Last year, we told you about the the Ann Cottrell Free Animal Reporting Award, which “honors excellence in reporting about animals,” recognizing journalistic work that educates the public about the plight of animals. The time has come, once again, to get those submissions in. This year’s deadline of April 1 is quickly approaching. The categories for submission are either print/online, or broadcast. Applicants can submit one article or broadcast, or a group of up to five (to be judged as one unit). The winner receives $750 (for each category), and the honor of knowing that your work for animal rights is not going unnoticed.
In fact, being recognized by the National Press Club — and, in particular, being part of Ann Cottrell Free’s legacy — is quite a coup. Cottrell Free, 1916-2004, was a pioneer in the world of journalism, using her prominent role in media to speak up for those who, for whatever reason, couldn’t. This included animals. Her stories about animal protection issues were recognized far and wide, resulting in congressional support for the passage of the Humane Slaughter and Animal Welfare Acts (incredibly flawed bills that nonetheless were — in their time — big leaps forward). Both Wayne Pacelle and Ingrid Newkirk have credited Cottrell Free’s social justice-oriented journalism with permanent change for animals.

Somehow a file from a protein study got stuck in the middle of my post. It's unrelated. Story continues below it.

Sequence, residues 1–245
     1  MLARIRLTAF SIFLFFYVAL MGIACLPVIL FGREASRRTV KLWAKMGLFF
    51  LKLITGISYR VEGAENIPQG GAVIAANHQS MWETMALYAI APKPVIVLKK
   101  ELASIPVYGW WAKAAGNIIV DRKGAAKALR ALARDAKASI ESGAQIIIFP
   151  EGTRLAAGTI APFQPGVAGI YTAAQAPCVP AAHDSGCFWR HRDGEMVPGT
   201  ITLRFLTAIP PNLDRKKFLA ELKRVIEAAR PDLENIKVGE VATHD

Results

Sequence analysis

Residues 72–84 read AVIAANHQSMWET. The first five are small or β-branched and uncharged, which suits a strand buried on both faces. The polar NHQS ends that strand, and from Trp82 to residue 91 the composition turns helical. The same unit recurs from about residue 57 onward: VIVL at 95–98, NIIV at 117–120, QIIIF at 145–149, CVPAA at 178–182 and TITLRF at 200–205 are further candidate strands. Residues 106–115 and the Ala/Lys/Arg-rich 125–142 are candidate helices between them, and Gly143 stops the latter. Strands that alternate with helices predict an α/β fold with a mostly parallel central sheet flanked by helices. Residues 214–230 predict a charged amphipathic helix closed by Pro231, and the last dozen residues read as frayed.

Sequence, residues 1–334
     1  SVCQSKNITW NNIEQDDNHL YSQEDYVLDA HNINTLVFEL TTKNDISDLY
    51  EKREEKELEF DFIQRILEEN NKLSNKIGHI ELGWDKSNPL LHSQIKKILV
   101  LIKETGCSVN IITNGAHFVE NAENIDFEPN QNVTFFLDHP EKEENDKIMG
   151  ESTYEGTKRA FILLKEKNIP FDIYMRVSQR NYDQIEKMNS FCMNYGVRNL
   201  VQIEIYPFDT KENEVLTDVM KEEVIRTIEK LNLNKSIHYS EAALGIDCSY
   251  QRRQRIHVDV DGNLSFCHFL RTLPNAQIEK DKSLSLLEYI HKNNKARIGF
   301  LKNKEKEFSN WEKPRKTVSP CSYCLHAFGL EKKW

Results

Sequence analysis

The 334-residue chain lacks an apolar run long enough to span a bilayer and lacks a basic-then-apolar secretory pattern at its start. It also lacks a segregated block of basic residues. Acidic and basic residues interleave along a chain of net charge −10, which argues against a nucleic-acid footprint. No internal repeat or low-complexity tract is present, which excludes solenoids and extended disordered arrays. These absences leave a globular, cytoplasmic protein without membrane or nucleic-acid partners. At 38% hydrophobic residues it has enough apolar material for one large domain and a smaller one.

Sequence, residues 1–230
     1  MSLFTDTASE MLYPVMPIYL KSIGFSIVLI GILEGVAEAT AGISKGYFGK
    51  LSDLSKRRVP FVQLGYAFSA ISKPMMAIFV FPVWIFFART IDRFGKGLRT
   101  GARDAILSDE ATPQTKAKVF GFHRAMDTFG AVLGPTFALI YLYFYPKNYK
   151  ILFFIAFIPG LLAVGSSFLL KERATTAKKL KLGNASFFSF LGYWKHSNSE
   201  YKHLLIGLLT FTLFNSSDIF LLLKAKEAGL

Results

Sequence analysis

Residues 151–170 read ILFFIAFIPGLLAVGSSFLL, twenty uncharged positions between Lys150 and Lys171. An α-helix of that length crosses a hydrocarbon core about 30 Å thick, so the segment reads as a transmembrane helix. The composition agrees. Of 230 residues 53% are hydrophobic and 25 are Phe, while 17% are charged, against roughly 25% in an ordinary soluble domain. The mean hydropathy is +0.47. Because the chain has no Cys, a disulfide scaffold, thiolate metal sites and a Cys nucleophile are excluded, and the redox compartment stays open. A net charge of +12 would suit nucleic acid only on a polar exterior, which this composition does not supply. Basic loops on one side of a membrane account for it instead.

We are in a movement whose “leadership” is largely composed of men, both now and throughout history. Of course, most of us know that there are countless women also leading the charge to change the world for animals — though perhaps they aren’t recognized as readily and publicly as the guys. So it moves me (floors me, really) to read about the groundbreaking work of Ann Cottrell Free, a woman with a plan to dedicate her life to speaking up for those who are less lucky than we are, an activist who was worlds ahead of her time.
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